As Air Force baseball coach Mike Kazlausky showed a recruit around the academy Tuesday, he wore khaki pants and a polo shirt.
“I’ve never done that before,” Kazlausky said. “I’ve always been in military uniform. It was weird.”
Kazlausky should have been thrilled this week. The former Falcons baseball player officially became the permanent coach at Air Force, removing the interim tag he had for a year. Instead, he was melancholy.
In order to become the full-time coach of Air Force, Kazlausky had to retire from military service, which he admits was very difficult. He retired with the rank of major. He could have stayed in the military and been stationed in South Carolina to resume his duty as a C-17 pilot, or retire and coach Air Force baseball. He had served the Air Force for about 20 years.
“20 years and two days,” Kazlausky quickly says, not counting his four years as a cadet. “There was no one prouder to wear the uniform.”
He had to trade in his flight suit to keep his baseball uniform. He points out that both had the American flag sewn on the left shoulder, and he is proud to have worn the flag on his shoulder for almost all of his adult life. So while he is excited to lead the baseball team – he sincerely says the Falcons players are as much a part of his family as his wife and two children – he had mixed emotions. However, he felt he could make a difference at the academy.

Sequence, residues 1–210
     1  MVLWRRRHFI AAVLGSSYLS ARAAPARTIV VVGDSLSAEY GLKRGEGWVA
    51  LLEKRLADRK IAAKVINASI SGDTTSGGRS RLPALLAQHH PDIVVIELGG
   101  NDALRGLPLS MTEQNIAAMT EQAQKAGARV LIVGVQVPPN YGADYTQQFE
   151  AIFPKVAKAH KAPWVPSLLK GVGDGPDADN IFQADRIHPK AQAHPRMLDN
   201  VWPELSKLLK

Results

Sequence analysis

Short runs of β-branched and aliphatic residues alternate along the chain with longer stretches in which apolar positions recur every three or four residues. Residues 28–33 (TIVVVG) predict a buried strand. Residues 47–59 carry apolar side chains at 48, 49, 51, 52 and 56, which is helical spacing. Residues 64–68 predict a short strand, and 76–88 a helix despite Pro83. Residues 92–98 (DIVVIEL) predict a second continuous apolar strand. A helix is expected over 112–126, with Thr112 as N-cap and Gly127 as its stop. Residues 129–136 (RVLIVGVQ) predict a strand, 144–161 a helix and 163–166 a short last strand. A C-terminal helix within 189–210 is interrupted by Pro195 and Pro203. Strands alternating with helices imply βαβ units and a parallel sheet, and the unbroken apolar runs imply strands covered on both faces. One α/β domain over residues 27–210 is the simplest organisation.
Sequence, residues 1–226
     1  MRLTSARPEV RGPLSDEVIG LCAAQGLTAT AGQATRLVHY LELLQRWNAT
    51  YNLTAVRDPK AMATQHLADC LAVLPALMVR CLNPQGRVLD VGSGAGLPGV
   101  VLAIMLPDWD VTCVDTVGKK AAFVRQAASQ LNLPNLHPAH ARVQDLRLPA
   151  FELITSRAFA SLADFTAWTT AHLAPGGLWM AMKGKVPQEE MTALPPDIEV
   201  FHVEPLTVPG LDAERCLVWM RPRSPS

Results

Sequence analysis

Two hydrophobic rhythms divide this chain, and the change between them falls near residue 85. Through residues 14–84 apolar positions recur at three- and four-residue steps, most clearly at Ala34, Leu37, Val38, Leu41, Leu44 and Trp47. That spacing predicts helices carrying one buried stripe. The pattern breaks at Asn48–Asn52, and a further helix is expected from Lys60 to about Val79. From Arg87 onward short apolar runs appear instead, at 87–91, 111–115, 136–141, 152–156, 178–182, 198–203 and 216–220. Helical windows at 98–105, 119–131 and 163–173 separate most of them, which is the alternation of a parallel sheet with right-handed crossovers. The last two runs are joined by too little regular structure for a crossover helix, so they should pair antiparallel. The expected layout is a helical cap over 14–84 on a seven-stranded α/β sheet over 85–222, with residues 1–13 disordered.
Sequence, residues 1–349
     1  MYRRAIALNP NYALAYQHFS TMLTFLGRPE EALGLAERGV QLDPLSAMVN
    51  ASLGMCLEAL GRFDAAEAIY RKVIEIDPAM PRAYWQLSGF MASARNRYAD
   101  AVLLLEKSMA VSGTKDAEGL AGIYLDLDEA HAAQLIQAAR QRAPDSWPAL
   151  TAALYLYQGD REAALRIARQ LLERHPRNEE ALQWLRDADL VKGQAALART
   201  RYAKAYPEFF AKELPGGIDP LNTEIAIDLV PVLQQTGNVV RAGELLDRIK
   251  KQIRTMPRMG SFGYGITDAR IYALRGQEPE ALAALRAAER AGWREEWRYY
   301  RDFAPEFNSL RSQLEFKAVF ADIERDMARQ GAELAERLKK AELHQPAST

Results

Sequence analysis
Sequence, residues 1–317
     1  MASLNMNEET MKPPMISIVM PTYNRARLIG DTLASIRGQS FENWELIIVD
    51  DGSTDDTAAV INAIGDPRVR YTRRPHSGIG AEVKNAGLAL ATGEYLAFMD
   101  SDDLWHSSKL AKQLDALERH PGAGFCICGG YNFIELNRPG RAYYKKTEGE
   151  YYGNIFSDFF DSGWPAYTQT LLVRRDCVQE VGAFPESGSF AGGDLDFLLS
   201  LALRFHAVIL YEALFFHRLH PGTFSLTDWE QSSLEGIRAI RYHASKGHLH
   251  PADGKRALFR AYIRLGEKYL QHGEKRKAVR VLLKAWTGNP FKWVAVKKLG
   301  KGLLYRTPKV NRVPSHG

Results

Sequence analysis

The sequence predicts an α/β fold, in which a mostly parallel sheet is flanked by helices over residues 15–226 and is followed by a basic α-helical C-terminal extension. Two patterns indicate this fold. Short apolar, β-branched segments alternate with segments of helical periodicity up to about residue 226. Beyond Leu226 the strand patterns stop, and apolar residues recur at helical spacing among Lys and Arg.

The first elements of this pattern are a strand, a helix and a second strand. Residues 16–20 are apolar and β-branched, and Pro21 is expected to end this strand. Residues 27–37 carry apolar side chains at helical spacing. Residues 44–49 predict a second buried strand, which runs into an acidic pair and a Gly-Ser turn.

“I felt I had a bigger impact being at the Air Force Academy, not just to the baseball players but all 4,200 cadets, by being a positive role model,” Kazlausky said.
Kazlausky’s energy had an impact on the baseball program. This season Air Force won 19 games, its most wins since 2002, and the coaching staff’s positive approach was welcomed by the players.
“They’ve done a great job,” said Parker Mayo, a first baseman/catcher who just finished his senior year at Air Force.
Kazlausky is excited for the future of the baseball program, but he doesn’t want to be defined by that job.
“I want my kids, and our baseball players too, to not remember me as a baseball coach or even a pilot,” Kazlausky said. “I want them to remember me as a military officer first and foremost.”